At the end of January, all eyes were on Ouarzazate, Morocco.
This desert city—home to the world’s largest concentrated solar power plant—played host to the Climate Investment Funds’ ten-year anniversary event.
From January 28-29, the “Power of 10: Shaping the Future of Climate Action” summit convened partners, changemakers, and leaders from across sectors and geographies to chart bold paths forward for climate action, explore new levels of opportunity, and leave “business as usual” at the door.
The Power of 10 not only honored CIF’s ten years of experience, it also drew on successes and lessons learned from those ten years to help shape climate action going forward. Successes that show a low-carbon world is not only possible, but already underway.
Morocco’s Noor Concentrated Solar Power (CSP) Plant is the largest solar complex of its kind in the world—and a stunning symbol of what climate finance can achieve. Reducing costs by around 25 percent, CIF support helped clear a path for the World Bank, African Development Bank, and other partners to invest a combined $2.4 billion in a complex that today provides clean energy to 2 million Moroccans and accounts for one-fourth of Morocco’s solar energy target of 2 GW by 2020.
In Mexico, through approximately $100 million in concessional financing, CIF helped create a now-thriving wind power market. Starting virtually from scratch, this financing directly led to over 1,000 megawatts of new wind capacity and a self-sustaining national industry that today is worth $11.8 billion.
With support from CIF and the World Bank, Jamaica is working to improve capacity for weather and water monitoring and data collection so that decisionmakers can improve preparedness and obtain accurate information in times of crisis. The multimillion-dollar investment is supporting the installation of 35 weather stations across the country, comprising the Caribbean’s first real-time weather reporting system. This is a critical new development in the country and the region: knowing exactly when, where, and how weather patterns are changing helps protect lives, livelihoods, and infrastructure.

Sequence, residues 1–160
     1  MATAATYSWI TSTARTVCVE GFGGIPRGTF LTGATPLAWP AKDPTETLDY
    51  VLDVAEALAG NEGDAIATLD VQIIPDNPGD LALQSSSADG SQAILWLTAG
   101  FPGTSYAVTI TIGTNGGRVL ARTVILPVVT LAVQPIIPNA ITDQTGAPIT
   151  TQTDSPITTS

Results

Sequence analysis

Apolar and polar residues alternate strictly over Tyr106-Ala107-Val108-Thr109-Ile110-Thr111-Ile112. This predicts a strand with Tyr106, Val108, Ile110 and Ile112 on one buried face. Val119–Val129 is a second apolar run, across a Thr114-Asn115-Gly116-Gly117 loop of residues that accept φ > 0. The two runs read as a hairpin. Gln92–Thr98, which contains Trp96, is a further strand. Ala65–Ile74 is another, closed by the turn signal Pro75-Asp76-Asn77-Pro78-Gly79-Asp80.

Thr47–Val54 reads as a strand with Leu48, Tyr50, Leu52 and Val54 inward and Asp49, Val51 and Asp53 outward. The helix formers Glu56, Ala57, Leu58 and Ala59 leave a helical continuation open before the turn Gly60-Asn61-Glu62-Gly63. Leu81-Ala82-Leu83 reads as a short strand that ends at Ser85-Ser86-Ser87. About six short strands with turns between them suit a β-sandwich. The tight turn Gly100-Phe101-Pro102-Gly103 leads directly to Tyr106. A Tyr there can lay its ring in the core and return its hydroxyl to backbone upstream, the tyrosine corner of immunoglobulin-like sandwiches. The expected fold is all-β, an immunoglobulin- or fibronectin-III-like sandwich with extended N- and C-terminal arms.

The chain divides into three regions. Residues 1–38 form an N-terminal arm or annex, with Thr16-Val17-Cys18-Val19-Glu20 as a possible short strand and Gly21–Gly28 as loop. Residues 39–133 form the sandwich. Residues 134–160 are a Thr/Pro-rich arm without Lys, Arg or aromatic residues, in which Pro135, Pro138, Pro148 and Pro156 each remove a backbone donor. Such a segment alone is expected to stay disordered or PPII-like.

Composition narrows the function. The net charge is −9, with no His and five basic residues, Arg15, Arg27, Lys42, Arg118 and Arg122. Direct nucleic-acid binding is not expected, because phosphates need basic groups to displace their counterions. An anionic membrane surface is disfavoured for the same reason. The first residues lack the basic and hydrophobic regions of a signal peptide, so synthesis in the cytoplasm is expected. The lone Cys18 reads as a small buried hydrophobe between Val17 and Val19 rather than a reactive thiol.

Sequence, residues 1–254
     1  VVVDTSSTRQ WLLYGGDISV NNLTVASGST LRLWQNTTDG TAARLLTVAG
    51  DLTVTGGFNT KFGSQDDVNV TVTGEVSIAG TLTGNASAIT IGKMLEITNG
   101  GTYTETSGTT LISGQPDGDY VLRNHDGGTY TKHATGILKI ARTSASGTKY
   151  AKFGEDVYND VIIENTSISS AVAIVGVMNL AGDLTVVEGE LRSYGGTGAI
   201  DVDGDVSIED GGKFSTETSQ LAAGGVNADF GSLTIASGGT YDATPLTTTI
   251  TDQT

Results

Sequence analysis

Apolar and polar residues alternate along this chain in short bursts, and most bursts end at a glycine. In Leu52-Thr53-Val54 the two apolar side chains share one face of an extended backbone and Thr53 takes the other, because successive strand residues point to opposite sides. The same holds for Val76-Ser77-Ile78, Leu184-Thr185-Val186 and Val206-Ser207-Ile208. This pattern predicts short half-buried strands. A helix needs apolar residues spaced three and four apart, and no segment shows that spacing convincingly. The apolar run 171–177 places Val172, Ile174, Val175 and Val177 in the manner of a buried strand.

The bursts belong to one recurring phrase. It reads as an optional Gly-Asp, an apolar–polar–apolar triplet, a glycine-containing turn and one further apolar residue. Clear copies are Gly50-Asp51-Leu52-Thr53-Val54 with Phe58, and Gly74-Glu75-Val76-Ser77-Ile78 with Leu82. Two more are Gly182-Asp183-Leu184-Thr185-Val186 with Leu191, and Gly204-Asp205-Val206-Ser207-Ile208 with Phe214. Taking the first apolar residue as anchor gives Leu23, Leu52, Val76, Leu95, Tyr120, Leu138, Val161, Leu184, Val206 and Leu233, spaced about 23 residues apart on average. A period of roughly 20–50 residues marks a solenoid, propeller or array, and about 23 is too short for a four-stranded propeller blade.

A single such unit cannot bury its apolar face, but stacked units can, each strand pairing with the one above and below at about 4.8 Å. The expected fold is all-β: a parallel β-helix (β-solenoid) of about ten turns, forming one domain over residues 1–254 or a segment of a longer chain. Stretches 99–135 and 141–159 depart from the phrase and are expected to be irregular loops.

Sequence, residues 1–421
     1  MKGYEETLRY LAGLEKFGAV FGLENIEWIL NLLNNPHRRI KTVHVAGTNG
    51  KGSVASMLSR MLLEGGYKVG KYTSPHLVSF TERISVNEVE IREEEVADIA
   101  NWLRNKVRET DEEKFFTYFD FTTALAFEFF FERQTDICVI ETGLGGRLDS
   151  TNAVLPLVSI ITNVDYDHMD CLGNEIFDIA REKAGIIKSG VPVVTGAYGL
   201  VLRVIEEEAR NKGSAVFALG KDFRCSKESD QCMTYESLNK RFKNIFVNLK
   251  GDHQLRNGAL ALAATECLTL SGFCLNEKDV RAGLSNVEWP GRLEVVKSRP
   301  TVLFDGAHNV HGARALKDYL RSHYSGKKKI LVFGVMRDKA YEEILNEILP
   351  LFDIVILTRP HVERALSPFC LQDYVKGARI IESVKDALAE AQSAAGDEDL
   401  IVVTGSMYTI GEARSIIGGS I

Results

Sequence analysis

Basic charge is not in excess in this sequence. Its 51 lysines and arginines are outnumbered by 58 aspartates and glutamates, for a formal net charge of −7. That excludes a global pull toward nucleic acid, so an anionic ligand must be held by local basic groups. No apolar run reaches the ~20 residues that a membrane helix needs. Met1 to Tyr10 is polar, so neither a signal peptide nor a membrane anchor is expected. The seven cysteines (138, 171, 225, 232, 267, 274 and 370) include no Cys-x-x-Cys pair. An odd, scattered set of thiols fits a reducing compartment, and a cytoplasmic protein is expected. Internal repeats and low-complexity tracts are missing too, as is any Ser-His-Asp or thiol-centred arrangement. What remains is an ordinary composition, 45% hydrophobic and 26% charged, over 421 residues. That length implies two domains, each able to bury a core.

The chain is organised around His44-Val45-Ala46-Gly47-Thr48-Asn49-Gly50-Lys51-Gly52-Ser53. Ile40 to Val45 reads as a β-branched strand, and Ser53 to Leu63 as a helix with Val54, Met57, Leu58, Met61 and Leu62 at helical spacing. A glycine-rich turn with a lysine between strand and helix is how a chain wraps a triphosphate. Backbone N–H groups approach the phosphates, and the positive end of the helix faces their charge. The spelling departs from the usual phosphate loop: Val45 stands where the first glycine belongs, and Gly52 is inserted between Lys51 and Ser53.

During Power of 10, Participants ranged from government ministers to corporate executives, leaders of international organizations to entrepreneurs. Over two days, they discussed hundreds of climate action-related topics across 30 individual sessions, comprising interactive workshops, high-level panel discussions, report launches, and virtual reality experiences.
For example, representatives from Bloomberg New Energy Finance shared findings from a CIF-commissioned report on the pivotal role of concessional finance in accelerating markets for clean energy in developing countries. The analysis unveiled new evidence that finance from institutions like CIF can shave years off the market maturation period for low-carbon technologies like solar, wind, and energy storage in developing countries, making them cost-competitive with fossil fuels faster.
In the case of India, the study showed, concessional finance can trim the market maturation period for wind power plants by as much as four years, lowering costs to the point where it is more economic to build a brand-new clean energy facility than maintain an existing fossil-fueled plant.
“Concessional finance has a proven ability to push the boundaries of clean innovation, “said Mafalda Duarte, head of CIF. “Over the next ten years and beyond, this capital will be essential to fighting climate change and building a more prosperous future for all.”
Here is a more in-depth look at what took place during the Power of 10 event: